R&C: How would you characterise the level of risk that can arise from third-party relationships in today’s business world? To what extent are potential liabilities increasing in this area?

Matthews: Outsourcing is where a service you traditionally performed is handed over to a third party to deliver. Outsourcing exposes an organisation to the risk that the third party will not manage risk in a manner consistent with the outsourcer’s policies and expectations. For example, if confidential data is shared with a third party, and that data is lost because the third party did not safeguard the data in line with the outsourcer’s policies, the outsourcer’s reputation is negatively impacted, and the cost of remediation efforts can severely impact the bottom line.

Dowie: Outsourcing continues to increase, driven by the need to manage costs and to meet customer demands. This trend is likely to continue as the ecosystems of product/service support and client experiences becomes ever more complex.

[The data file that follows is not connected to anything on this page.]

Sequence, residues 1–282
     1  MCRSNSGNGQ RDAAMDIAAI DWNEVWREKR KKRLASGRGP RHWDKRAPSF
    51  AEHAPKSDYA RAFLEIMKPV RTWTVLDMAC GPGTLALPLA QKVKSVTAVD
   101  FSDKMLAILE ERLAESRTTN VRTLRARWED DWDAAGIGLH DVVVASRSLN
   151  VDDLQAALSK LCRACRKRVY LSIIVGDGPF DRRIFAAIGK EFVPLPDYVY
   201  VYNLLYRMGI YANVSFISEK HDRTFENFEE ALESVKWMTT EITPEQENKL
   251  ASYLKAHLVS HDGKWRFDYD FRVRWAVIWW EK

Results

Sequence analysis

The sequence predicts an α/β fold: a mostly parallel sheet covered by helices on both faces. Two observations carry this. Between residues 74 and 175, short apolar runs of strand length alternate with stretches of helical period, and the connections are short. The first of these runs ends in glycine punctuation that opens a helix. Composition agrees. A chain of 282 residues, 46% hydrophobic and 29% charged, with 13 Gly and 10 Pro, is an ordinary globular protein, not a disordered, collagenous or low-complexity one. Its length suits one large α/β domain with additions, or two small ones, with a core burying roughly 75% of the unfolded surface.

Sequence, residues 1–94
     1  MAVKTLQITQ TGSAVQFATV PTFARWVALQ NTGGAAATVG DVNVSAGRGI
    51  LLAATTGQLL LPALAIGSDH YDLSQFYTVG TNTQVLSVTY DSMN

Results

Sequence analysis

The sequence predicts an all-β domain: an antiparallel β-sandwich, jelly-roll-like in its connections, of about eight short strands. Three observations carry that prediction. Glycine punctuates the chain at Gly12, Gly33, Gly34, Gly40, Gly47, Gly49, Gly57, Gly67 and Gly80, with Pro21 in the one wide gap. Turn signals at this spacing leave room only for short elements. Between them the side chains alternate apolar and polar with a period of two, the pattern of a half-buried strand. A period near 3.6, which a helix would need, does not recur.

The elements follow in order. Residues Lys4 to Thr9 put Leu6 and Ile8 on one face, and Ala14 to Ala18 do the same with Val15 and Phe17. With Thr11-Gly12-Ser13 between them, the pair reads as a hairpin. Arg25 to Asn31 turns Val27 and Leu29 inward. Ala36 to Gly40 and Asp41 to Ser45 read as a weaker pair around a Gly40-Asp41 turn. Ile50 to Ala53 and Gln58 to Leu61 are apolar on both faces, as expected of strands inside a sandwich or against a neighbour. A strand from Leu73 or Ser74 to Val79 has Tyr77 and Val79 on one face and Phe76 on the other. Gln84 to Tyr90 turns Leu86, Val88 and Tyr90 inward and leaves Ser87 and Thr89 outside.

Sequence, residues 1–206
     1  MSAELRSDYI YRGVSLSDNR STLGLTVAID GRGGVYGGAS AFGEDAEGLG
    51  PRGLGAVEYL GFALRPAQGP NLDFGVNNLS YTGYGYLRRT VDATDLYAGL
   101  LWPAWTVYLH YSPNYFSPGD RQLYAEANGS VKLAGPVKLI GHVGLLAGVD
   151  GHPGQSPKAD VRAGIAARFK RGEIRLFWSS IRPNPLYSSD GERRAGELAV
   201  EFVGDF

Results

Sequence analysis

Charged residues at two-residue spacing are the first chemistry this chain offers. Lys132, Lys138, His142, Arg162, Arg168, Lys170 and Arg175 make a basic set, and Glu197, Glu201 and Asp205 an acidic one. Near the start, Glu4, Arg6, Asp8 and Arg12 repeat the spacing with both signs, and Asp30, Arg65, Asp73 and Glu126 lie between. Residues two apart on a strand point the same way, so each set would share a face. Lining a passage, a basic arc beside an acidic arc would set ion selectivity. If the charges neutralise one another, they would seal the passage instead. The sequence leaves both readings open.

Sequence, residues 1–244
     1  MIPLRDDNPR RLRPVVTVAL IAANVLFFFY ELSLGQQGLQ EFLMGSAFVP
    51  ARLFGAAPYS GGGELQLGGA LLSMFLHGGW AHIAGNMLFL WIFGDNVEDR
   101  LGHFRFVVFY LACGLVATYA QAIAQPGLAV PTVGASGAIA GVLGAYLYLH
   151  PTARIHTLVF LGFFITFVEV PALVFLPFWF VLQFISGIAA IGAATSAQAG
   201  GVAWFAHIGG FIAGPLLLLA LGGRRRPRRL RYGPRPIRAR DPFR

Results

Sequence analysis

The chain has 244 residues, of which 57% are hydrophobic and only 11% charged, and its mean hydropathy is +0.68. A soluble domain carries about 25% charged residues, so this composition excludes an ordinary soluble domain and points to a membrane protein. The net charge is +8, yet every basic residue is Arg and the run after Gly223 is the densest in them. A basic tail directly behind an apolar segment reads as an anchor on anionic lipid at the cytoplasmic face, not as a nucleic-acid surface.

Blanco: The ultimate responsibility for managing risk and negative consequence remains with the outsourcer. Therefore, third-party risk management (TPRM) programmes have been evolving to ensure that each of the responsible risk oversight functions – such as compliance, information security and business continuity, among others – and the business unit itself are deeply involved in assessing how the third party is managing risk on behalf of the outsourcer, both pre- and post-contracting. The business unit which engaged the third-party has the responsibility to ensure that the service is delivered in line with expectations and that the requisite controls deemed essential by the oversight functions are in place and operating as expected.

Apr-Jun 2019 Issue